$1B terminal opens at New Orleans International Airport

LEO A DALY designed the project.

November 12, 2019 |
New Orleans international airport exterior curtain wall

Photos: LEO A DALY/Atkins

After seven years of design and planning work, the new North Terminal at Louis Armstrong New Orleans International Airport has opened.

The 35-gate, $1 billion terminal’s architectural form is an homage to the gentle curves of the Mississippi River and immerses visitors in the culture, geography, and history of New Orleans. Natural light streams into the terminal via skylights that are meant to evoke the city’s tree-shaded urban markets. The terminal’s three-story central atrium includes a jazz garden that will feature live music and a large glass-sealed image of oak trees in the morning fog taken by a local photographer is adjacent to the main elevator.

Designed for the maximum convenience of passengers, a single security checkpoint serves both foreign and domestic flights and adapts to accommodate large tourist crowds during special events like Jazz Fest and Mardi Gras. The terminal is easily navigable thanks to its layered, open feeling with prominent views of the airport. A unique concession program celebrates the city’s culinary, music, and arts heritage.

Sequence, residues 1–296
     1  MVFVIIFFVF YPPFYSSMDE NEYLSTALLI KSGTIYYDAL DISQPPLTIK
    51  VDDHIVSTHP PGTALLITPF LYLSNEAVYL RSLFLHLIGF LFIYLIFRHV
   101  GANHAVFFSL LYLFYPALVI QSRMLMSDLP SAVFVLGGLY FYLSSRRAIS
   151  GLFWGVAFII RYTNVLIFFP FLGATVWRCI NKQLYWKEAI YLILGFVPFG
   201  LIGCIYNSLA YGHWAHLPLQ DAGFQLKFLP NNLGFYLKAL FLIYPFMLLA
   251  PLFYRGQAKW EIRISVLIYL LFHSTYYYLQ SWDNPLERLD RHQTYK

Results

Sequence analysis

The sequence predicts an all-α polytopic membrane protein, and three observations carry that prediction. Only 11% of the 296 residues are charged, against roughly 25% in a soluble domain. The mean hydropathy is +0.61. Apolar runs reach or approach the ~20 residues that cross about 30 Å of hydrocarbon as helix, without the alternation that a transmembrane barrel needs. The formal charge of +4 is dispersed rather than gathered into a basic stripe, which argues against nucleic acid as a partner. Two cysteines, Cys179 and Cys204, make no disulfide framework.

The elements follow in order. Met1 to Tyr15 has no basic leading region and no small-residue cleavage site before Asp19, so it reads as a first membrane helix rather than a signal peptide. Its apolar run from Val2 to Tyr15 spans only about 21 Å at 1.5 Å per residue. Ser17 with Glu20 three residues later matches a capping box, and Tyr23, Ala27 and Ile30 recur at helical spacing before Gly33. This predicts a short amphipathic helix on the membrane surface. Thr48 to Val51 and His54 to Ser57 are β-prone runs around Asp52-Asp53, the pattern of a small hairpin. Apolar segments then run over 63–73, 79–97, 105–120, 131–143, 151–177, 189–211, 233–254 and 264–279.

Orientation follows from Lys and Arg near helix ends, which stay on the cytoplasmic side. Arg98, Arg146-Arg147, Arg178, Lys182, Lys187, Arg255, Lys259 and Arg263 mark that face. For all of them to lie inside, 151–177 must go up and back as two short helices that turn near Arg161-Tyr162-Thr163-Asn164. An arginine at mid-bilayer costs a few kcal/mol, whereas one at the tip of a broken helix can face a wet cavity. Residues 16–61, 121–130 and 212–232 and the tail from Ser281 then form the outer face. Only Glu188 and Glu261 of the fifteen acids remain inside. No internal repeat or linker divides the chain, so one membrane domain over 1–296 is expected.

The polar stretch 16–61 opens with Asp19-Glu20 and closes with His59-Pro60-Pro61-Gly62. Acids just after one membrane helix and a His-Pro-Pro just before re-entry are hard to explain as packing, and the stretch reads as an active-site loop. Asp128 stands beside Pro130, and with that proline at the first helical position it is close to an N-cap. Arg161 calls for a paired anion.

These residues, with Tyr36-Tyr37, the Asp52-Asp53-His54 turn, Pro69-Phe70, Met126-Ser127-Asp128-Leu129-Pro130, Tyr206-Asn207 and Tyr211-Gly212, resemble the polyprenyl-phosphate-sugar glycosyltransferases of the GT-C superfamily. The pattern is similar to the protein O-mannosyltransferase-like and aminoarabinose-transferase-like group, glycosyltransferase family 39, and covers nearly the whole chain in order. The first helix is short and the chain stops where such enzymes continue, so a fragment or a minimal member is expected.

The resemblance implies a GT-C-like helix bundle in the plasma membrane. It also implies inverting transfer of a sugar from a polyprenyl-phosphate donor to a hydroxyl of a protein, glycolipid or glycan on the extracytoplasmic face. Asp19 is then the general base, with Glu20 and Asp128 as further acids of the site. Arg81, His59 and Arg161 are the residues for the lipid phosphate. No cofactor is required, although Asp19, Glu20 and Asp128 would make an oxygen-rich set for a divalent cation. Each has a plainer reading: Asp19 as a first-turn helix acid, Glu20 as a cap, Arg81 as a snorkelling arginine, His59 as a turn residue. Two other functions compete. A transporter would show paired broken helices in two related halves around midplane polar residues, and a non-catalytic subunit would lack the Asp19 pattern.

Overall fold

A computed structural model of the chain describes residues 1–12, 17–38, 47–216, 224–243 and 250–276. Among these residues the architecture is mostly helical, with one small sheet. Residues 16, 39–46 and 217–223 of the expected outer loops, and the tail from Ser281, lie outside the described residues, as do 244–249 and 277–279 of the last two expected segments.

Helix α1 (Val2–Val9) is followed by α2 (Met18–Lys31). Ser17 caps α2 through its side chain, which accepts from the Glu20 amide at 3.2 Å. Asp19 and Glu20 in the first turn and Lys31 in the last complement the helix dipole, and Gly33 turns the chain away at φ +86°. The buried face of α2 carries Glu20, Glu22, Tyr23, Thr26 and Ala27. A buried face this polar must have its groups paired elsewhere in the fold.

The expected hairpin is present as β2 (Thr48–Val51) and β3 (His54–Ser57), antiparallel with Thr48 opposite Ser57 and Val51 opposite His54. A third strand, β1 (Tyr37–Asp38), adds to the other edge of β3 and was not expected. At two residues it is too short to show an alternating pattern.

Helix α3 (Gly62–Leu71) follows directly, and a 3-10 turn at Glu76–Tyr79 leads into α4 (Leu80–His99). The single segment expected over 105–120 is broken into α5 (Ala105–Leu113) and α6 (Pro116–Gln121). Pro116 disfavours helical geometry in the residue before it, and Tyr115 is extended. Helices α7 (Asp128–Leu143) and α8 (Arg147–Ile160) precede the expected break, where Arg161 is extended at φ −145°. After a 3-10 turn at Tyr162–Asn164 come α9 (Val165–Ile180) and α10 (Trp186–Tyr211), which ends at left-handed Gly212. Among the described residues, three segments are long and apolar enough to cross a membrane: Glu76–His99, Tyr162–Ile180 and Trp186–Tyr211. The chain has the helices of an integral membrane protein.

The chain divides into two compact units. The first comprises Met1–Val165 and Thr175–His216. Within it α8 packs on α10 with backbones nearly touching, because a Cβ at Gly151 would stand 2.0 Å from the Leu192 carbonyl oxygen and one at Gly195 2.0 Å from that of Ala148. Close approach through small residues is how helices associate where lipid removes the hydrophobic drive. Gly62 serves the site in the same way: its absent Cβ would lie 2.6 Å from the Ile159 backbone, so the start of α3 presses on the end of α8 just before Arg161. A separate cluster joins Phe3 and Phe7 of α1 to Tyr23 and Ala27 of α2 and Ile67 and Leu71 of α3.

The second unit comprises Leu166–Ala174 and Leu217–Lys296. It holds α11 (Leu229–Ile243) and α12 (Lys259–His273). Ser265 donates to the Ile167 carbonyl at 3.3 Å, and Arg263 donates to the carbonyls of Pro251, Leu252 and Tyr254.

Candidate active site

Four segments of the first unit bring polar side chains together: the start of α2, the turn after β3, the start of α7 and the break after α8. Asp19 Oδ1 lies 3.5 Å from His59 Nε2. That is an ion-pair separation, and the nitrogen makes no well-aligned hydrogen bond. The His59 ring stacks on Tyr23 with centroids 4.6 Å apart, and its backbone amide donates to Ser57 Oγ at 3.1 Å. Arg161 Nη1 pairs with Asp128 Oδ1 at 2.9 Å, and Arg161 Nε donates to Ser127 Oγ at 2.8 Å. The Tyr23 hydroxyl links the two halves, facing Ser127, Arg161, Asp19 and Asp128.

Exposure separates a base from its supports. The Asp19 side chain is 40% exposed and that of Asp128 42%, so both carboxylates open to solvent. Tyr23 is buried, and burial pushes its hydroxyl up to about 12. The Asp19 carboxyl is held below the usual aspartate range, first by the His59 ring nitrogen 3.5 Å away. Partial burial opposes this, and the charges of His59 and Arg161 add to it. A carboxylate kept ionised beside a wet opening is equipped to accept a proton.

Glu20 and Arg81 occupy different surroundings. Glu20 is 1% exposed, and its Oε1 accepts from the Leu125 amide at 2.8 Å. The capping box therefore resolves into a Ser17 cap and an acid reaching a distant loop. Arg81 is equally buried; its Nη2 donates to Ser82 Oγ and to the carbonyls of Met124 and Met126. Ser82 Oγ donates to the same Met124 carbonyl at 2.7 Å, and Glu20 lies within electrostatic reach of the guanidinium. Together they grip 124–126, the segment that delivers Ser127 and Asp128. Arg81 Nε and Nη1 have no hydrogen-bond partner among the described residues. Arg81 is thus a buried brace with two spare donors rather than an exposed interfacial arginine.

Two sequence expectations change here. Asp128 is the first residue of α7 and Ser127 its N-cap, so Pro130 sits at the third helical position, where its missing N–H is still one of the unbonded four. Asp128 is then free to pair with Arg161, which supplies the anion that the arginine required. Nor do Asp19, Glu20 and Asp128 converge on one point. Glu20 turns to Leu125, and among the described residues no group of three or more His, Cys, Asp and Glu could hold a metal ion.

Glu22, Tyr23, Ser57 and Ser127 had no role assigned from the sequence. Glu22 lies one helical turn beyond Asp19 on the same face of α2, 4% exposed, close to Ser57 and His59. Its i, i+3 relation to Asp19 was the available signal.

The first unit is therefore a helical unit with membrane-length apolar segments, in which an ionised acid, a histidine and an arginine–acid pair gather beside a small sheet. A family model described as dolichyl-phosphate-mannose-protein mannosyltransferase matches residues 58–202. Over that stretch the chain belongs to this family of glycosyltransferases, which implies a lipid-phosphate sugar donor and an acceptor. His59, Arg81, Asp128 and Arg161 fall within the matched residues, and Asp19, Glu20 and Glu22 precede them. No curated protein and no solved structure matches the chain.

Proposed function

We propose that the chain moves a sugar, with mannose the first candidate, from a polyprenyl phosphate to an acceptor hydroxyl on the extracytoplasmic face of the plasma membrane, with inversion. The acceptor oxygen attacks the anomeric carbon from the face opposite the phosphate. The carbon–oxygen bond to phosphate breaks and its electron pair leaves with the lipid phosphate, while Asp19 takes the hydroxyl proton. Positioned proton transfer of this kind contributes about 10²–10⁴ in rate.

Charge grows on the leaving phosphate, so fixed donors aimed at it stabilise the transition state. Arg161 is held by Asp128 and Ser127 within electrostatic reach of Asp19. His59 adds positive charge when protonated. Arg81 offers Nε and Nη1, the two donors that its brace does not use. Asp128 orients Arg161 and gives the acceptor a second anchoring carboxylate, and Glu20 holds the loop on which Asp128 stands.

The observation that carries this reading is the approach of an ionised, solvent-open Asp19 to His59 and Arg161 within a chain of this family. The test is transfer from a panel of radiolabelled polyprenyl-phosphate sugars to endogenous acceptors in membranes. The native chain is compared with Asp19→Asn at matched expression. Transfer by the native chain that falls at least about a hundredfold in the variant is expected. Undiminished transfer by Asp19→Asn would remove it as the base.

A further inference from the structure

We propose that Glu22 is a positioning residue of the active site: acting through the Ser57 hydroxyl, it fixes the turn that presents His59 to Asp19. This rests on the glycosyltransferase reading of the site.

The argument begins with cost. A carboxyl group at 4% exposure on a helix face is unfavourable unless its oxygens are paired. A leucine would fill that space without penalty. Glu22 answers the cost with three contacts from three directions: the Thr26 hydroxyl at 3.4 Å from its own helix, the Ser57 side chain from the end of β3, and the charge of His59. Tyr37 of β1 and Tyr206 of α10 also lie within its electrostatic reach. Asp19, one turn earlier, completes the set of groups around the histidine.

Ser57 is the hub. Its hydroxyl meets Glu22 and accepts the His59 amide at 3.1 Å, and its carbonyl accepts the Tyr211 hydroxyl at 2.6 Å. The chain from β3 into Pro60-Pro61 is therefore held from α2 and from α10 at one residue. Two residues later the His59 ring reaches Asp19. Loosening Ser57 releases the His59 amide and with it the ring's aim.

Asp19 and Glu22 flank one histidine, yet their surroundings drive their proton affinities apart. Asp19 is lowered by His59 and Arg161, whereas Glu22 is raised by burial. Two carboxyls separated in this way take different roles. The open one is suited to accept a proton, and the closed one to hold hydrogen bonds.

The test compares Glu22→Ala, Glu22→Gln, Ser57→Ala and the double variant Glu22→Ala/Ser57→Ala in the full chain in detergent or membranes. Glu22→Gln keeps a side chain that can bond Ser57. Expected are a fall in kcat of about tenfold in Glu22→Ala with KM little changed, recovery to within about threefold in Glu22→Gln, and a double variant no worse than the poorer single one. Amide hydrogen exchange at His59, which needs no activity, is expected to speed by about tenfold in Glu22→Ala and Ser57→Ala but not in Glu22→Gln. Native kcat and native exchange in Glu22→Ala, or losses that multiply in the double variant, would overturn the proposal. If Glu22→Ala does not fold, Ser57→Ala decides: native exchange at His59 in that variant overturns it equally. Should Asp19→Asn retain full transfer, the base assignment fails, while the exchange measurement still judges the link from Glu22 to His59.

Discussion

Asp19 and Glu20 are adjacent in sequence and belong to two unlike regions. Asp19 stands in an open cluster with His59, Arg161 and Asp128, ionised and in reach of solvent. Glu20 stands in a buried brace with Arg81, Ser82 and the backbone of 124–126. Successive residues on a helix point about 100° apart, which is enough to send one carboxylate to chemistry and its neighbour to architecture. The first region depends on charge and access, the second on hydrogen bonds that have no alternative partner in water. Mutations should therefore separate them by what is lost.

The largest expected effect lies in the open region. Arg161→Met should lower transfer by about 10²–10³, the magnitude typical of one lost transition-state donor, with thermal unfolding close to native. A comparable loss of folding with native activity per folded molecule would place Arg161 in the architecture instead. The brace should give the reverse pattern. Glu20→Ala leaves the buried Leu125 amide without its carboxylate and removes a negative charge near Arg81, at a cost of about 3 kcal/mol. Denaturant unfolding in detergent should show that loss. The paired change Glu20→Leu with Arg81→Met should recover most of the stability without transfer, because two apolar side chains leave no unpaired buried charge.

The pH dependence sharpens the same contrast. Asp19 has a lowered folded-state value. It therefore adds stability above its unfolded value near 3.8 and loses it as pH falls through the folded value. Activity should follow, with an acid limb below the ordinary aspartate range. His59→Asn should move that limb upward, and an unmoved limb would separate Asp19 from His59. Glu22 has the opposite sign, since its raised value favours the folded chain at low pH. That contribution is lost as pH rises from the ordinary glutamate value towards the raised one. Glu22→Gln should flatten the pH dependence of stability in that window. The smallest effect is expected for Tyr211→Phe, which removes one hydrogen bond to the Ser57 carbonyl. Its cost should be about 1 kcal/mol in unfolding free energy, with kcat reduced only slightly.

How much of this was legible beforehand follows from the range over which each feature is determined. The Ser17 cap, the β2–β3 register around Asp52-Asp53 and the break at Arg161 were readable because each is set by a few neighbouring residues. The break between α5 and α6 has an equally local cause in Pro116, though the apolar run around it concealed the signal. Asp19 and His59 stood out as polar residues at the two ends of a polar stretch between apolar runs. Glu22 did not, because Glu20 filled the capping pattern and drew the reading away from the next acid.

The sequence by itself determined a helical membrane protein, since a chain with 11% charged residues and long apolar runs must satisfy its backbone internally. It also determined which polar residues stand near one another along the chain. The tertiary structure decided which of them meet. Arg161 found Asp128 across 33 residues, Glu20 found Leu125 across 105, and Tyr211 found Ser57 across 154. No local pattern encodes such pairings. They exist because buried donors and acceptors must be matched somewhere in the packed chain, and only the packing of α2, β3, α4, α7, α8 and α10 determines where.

New Orleans International Airport interior

 

Extensive wind-tunnel modeling and on-site testing resulted in a glass curtain wall that is able to withstand hurricane-force winds and a spherical roof shape allows long spans while accommodating heavy rainfall.

 

See Also: COX Architecture and Zaha Hadid Architects will design the Western Sydney Airport

 

The terminal will accommodate the rapidly growing airport, which is now the fifth fastest growing airport in the U.S. The terminal’s design was developed and completed by the Crescent City Aviation Team (CCAT), a joint venture of Atkins and LEO A DALY. CCAT led the design of the airport terminal, its three concourses, concession program, two parking garages, aviation radar and electrical facilities, pump station, airside aprons, and landside roadway systems. The terminal design was based on an initial concept by Pelli Clarke Pelli Architects.

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